Kids' Testing and Manipulation: Who's in Charge at Your House?

May 15, 2019
Kids' Testing and Manipulation: Who's in Charge at Your House?

You often hear the phrase, “Believe it or not, kids really want limits.” This isn’t quite the case. It is true that in the long run, youngsters are more comfortable in a house where parents have clear, reasonable rules and enforce them consistently and fairly. The kids are more comfortable whether or not they realize the connection. At any one moment, however, children want what they want, and they are angry and disappointed if they don’t get it. This often leads to testing and manipulation.

Testing and Manipulation (T&M) are the efforts of children to get what they want. They don’t want to go to bed, they want candy right before dinner, they don’t want to get up and go to school, they want to hit their sister. In order to get their way and foil their parents' wishes, children automatically tend to test and manipulate from time to time. They can do this in six ways.

1. Badgering

Badgering is the "Please, please, please," or "Why, why, why?" routine. The child keeps after you and after you and after you, trying to wear you down with repetition. Just give me what I want and I'll shut up! If the parent attempts to verbally respond to everything the child says every time he says it, Mom and Dad are in for a very long and frustrating session. Many parents continue on an endless wild goose chase looking for the right words or reasons that will make the child be quiet.

2. Intimidation

Intimidation is an aggressive verbal attack, and often involves temper tantrums. Here the aggravated child may yell at you, accuse you of being a bad parent, or otherwise storm around the house. Older kids sometimes get into swearing. Younger children may throw themselves on the floor, bang their heads, and kick around ferociously.

3. Threat

"I'll never speak to you again!"
"I'm going to kill myself!"
"I'm not eating dinner and I won't do my homework!"
"I'm going to kill the parakeet!"
"I'm running away from home!"

These are all examples of threats. Something bad is going to happen to you unless you cease and desist this ridiculous discipline at once.

4. Martyrdom

Actually not talking (as opposed to simply threatening), not eating dinner, or sitting in the closet for two hours might be examples of martyrdom. The message is, "No one around here loves me anymore!"

Crying, pouting, and looking sad or teary can also be effective. Here, the goal is to get the parent feeling guilty.

The first four tactics—Badgering, Intimidation, Threat, and Martyrdom—share a common, underlying dynamic. The child, in a sense (and without quite knowing what he's doing) is saying: "Look, you're making me uncomfortable by not giving me what I want. I'm making you uncomfortable with my harping, tantrums, ominous statements, and feeling sorry for myself. Now that we're both uncomfortable, I'll make you a deal: You call off your dogs and I'll call off mine.

Sound good? If you do give in, you are almost guaranteed that the T&M will stop immediately. The problem, however, is then who's running your house? It certainly isn't you, it's the kid. All they have to do in a difficult situation is get out their big guns and they've got you.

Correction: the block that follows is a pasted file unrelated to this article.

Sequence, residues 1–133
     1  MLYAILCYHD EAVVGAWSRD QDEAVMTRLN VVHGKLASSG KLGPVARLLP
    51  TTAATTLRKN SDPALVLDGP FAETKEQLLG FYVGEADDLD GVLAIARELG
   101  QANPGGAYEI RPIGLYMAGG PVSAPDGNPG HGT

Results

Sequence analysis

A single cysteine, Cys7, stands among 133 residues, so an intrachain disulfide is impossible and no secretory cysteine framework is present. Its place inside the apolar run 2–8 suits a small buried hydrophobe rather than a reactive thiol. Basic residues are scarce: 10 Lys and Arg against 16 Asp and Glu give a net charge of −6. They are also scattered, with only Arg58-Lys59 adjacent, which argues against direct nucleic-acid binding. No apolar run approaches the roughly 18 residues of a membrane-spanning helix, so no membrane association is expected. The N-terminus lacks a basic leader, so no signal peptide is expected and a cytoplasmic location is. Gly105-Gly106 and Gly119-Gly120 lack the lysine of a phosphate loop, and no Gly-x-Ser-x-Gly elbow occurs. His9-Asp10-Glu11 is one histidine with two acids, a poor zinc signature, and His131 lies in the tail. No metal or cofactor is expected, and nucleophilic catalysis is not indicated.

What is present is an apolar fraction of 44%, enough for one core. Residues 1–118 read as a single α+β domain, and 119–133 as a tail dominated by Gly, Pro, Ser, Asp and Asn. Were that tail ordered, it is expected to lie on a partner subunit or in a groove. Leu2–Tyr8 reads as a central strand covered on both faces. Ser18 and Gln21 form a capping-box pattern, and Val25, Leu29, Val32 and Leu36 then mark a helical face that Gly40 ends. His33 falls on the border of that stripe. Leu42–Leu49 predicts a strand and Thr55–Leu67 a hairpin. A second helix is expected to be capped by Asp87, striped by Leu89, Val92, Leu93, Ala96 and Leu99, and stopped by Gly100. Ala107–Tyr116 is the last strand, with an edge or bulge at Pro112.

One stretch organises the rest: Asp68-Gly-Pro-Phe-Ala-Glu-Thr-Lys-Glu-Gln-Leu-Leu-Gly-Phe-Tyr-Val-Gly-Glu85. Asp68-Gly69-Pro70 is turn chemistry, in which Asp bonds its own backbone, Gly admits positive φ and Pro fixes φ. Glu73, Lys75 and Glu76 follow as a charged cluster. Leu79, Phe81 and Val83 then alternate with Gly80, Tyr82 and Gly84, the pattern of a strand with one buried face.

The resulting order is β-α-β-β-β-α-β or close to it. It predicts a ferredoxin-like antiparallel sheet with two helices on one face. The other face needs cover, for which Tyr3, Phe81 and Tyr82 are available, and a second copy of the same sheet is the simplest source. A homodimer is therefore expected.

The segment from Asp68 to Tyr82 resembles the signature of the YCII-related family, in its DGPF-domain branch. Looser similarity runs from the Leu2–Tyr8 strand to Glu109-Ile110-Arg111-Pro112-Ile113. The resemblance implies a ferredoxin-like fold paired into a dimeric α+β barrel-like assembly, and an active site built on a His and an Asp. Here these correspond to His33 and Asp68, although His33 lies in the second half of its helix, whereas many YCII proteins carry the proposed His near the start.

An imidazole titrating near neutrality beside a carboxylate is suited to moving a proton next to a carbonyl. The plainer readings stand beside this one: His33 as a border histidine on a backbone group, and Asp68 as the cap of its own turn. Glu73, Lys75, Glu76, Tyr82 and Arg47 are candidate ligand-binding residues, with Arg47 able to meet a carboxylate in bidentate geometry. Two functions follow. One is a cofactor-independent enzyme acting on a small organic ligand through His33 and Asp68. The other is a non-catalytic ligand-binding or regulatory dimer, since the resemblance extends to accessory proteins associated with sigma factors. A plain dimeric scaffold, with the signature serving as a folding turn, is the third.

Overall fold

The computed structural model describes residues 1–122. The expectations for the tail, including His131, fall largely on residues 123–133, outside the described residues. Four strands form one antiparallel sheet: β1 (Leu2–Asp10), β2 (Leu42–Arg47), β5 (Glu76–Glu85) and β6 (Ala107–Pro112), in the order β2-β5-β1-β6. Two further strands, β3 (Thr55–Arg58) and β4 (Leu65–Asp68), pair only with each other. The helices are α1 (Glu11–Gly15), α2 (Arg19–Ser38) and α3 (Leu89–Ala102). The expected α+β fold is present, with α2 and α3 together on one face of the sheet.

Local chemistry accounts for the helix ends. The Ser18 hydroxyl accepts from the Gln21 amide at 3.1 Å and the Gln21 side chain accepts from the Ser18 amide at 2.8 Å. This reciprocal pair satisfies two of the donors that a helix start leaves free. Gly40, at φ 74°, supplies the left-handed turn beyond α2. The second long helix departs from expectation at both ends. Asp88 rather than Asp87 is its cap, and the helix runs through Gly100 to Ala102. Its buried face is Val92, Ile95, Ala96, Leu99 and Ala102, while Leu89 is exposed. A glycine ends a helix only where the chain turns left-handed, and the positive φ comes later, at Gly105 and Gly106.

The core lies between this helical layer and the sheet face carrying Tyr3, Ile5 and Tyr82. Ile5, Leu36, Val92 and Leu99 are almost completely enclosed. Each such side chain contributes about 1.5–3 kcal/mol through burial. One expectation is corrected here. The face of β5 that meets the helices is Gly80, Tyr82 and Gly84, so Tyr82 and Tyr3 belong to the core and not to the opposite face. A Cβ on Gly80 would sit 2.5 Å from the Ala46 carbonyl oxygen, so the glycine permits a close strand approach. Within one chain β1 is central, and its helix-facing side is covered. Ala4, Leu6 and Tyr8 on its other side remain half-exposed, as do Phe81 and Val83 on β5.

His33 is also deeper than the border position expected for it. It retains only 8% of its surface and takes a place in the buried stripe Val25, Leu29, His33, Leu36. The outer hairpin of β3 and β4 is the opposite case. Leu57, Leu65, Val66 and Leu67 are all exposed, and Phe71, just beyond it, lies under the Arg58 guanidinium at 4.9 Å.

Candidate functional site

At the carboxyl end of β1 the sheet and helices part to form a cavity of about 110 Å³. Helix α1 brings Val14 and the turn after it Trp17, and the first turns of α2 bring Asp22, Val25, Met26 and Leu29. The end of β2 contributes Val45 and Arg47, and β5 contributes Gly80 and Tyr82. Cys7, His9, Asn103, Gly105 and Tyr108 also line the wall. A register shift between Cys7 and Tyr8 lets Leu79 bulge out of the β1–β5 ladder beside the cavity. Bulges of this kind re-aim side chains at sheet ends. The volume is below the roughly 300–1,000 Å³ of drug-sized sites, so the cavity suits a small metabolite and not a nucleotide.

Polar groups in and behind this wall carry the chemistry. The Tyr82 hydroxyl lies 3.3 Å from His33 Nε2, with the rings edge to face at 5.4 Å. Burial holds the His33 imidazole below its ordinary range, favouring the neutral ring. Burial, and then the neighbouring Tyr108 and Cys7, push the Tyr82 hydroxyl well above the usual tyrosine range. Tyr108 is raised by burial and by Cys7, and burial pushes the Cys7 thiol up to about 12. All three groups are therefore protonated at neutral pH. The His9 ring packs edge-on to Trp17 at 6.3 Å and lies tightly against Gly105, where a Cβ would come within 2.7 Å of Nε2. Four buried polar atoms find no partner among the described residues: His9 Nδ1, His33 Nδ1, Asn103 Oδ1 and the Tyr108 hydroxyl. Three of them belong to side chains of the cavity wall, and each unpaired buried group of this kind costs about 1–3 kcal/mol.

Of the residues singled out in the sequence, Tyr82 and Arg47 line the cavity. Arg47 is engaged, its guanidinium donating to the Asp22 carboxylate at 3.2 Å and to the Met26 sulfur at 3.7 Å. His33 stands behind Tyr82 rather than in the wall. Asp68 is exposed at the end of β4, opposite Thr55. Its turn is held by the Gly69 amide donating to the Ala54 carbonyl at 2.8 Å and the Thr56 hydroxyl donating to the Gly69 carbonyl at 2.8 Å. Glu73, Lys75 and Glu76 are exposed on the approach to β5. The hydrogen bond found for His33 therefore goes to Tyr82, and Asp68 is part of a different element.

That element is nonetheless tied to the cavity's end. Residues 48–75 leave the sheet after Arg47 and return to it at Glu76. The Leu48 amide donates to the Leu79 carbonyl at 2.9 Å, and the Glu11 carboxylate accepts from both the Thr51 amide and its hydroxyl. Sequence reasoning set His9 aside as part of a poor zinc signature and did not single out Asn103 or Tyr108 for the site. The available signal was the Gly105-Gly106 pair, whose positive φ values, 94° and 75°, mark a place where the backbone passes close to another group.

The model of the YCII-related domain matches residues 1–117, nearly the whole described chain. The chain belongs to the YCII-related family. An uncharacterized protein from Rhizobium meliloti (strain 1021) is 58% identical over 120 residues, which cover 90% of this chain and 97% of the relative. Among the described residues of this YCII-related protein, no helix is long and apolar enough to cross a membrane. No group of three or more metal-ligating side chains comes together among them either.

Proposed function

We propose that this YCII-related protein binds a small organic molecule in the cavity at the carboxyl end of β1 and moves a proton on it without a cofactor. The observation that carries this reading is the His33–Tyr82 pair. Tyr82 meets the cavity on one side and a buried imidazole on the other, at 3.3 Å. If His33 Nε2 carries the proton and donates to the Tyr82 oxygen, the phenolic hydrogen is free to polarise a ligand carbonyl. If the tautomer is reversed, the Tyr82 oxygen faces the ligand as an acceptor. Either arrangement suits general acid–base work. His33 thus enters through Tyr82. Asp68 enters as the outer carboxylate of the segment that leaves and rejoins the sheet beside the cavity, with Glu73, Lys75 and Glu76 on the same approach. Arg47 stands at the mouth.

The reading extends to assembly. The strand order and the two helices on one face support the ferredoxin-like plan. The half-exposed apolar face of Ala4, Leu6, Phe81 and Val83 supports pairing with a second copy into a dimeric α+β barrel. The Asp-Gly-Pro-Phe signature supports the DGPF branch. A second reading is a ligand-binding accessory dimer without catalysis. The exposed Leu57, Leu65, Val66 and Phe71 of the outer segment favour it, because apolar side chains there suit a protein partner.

5. Butter Up

The fifth tactic takes a different tack. Instead of making you feel uncomfortable, the child tries to make you feel good.

"Gee, Mom, you've got the prettiest eyes of anybody on the block." Or, "I think I'll go clean my room. It's been looking kind of messy for the last three and a half years."

Here, something good is going to happen, and this kind of testing sometimes precedes the frustrating event. Have you ever heard a parent say, "The only time he's ever good is when he wants something"? That's probably Butter Up, or what is also called "Sweetness and Light." This type of manipulation is occasionally kind of tricky, because it's hard to tell apart from genuine affection.

6. Physical Tactics

This is perhaps the worst. The frustrated child either physically attacks you, breaks things, or runs away. Children don't usually start doing this all of a sudden. Many of them have a long history of this kind of behavior, and the bigger they get, the scarier it gets.

Our research with parents and teachers has indicated that the three most common tactics are Badgering, Intimidation, and Martyrdom. As you might expect, girls use Martyrdom more than boys, but boys use Intimidation more than girls. Both sexes like Badgering, and the least often used strategies are Butter Up and Physical Tactics.

The Bottom Line

The crux of the matter with Testing and Manipulation is this: If kids are successful in their testing efforts, they will continue to use these tactics in the future. The household will suffer the consequences: prolonged and frequent periods of emotional upset.

What to do? First, accept testing and manipulation as normal. Testing is as old as the hills. Boys and girls in ancient Rome, for example, used the same six strategies on their parents.

Second, when frustrated kids are putting the heat on you, label/identify the tactic they are using. Is it Badgering? Is it Threat? Taking Martyrdom seriously, for example, is a sure-fire way for a parent to get behind the eight ball.

Finally, parents can ignore T&M if it appears in a fairly passive form, such as Butter Up or pouting (Martyrdom). Otherwise, testing is perfect for 1-2-3 Magic's "counting" procedure. How much fun will it be for you to stop whining right in its tracks with a calm-but-decisive, "That's 1!"

Want more advice on this topic? Check out "Managing Testing and Manipulation" now!

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